by Deb Wachenheim
March 3, 2014
It was one year ago (March 13, 2013) when I lost my sister, the person with whom I shared a bedroom growing up, traveled to places I never would have had the guts to go had it not been for her, and who was the maid of honor at my wedding, as I was at hers. A person who was a loving and much loved aunt to her 4 nieces and nephews, a devoted daughter to her parents, including when they were each going through struggles with cancer, and a mother to a 10-month-old son who was the apple of her eye and meant everything to her.
When Cindy died by suicide last March, after 6 months of postpartum anxiety and depression, our family was thrown into a surreal world of trying to grieve for someone when you are in a state of shock over a sudden and unexpected death, and doing this while the details of her death, and life, were printed in newspapers and on-line. Explaining the sudden death of their seemingly healthy aunt to my then 5 and 7-year-old daughters was a delicate task, and I continue to seek guidance on this process from social workers, knowing that only more questions will arise over time.
I can’t help but ask myself what I could have done, or what I did that I shouldn’t have done, during those 6 months leading up to March 13. I know that is pointless, but I still ask myself, if I had picked up the phone and called her that afternoon instead of sending over a quick check-in e-mail between work meetings, would the sound of my voice have made a difference? I fantasize about talking to her on the phone and discovering what she is planning to do, then keeping her talking long enough for me to write a note to a colleague to call my husband and have him get emergency personnel over to her apartment building before she takes that final step. I know she read my e-mail not long before she died-maybe if I had written a longer message, talking about my kids, she would have been lifted just a little bit out of the dark place she was in and decided that life was worth living. But I will never know.
As I have tried to find ways to speak up, be an advocate, and educate others, I find myself continuously thinking about many different aspects of what new mothers, and especially those in the throes of mental distress, have to deal with, and wondering which of these factors could have been the one, or the two or three, that led Cindy into the downward spiral that resulted in her death.
My sister very much wanted to be a mother. She married in 2009 when she was almost 41 years old and she and her husband tried to have a baby for a couple of years until finally she gave birth to her son. After IVF and miscarriages, she was thrilled to have a healthy little baby boy. At that point she was 44 and wanted to enjoy every minute with her son. Looking back, I wonder if the hopes and expectations were so high because of the circumstances of having tried for a while and then being an “older” first time mom who may not have another chance at having a baby. All new moms (and moms who are not new) have the pressure on them to be, in some respects, “perfect.” And that pressure can often come most intensely from the moms themselves. When Cindy became convinced that she had inadvertently harmed her son, and that she had done something as “stupid” (to quote her) as letting him play on a thin mat on a wooden floor where he could hit his head, her world started falling apart. She became convinced that she was not a good mother.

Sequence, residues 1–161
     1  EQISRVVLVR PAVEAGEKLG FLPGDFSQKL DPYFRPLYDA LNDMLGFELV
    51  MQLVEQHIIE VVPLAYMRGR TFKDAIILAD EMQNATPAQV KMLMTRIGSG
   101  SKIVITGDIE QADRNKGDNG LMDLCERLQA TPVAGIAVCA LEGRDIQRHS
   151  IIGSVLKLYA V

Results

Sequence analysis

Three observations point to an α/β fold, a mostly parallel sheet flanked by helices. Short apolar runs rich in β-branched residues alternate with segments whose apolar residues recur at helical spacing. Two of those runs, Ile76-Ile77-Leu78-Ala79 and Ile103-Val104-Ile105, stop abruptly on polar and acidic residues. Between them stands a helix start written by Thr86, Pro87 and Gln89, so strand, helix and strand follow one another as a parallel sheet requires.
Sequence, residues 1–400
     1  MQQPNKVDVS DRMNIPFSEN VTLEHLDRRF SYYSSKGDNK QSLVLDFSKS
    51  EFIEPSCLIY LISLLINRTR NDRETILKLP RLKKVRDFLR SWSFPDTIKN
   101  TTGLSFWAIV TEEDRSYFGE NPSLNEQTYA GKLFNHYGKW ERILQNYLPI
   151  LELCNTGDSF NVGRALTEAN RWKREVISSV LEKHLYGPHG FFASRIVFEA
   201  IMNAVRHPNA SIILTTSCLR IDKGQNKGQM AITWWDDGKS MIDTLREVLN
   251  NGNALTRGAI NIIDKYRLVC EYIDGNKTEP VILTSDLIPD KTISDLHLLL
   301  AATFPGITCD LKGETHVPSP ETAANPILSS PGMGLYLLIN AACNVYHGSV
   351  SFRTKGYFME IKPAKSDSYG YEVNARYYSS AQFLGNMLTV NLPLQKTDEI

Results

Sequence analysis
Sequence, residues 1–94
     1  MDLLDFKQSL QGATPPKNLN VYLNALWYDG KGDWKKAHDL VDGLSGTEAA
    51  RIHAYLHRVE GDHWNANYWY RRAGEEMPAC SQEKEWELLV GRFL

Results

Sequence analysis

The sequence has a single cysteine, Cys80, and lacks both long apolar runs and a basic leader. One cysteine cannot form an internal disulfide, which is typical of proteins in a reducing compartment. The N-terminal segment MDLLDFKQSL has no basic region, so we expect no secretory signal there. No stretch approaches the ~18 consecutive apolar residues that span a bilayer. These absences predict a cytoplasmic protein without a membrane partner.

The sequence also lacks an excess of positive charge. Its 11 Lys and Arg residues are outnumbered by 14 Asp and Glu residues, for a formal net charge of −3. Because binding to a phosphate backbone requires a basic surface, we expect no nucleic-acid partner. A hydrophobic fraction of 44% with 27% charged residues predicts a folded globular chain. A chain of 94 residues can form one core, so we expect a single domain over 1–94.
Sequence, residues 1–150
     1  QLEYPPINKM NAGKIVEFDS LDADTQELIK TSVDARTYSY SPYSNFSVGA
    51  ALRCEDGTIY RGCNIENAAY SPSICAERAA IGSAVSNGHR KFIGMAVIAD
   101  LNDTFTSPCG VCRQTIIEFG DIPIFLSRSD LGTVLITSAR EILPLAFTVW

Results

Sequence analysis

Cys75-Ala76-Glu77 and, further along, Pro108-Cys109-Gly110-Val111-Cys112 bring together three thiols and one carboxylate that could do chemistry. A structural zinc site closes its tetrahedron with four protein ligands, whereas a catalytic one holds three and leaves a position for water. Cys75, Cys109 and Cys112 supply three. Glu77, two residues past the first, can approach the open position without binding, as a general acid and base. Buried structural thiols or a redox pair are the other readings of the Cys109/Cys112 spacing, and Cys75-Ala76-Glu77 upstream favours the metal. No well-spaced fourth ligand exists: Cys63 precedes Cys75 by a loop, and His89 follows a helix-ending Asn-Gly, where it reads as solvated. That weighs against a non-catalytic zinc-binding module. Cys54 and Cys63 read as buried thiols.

When Cindy was in a state of anxiety about her son’s health, she spent a lot of time on the Internet researching his presumed symptoms, or anything she noticed that that seemed abnormal. The Internet can be an amazing tool for people going through health care experiences but it can also become a black hole into which someone who is already anxious and depressed can be dragged, finding more and more “evidence” to support whatever is making them anxious or depressed. And when someone isolates themselves socially because of their depression, they can get further and further sucked into that black hole. I think Cindy also may have felt somewhat alone in her motherhood journey, despite having many caring family members and friends who were there to help her along the way, because my mom and dad had both passed away by the time she gave birth. My mom died in 2002 and my dad died when Cindy was about 4 months pregnant. It is hard enough being a new mom and even harder when those who you looked to as role models and who always gave you unconditional love and support are not there.
Finally, I find myself thinking a lot about our system (or often lack thereof) of mental health care. Cindy did start seeing a psychiatrist and taking medication, and she tried to find someone to provide talk therapy. In a city like NYC, with so many health care providers and therapists, I can imagine it was overwhelming trying to find a therapist who could help her. It is hard enough for someone to find a doctor for non-mental health care who you like and feel comfortable taking with openly. It is even harder to find a mental health care provider who fills that need, and harder still for someone who is in a depressed state to be able to find that provider. And who takes insurance at all, let alone your insurance.
I am writing this as I am awaiting the arrival of a videographer from the NY Times who will film me talking about Cindy as part of an upcoming article on postpartum depression, psychosis, and other perinatal mood disorders. I am hopeful that this article will shed some light on this topic, reduce the stigma surrounding it, and, perhaps, help at least one woman who is struggling with PPD or at least one family member or friend who is concerned about someone. And my family and I hope to be able to continue talking and finding ways to help others. We welcome your suggestions.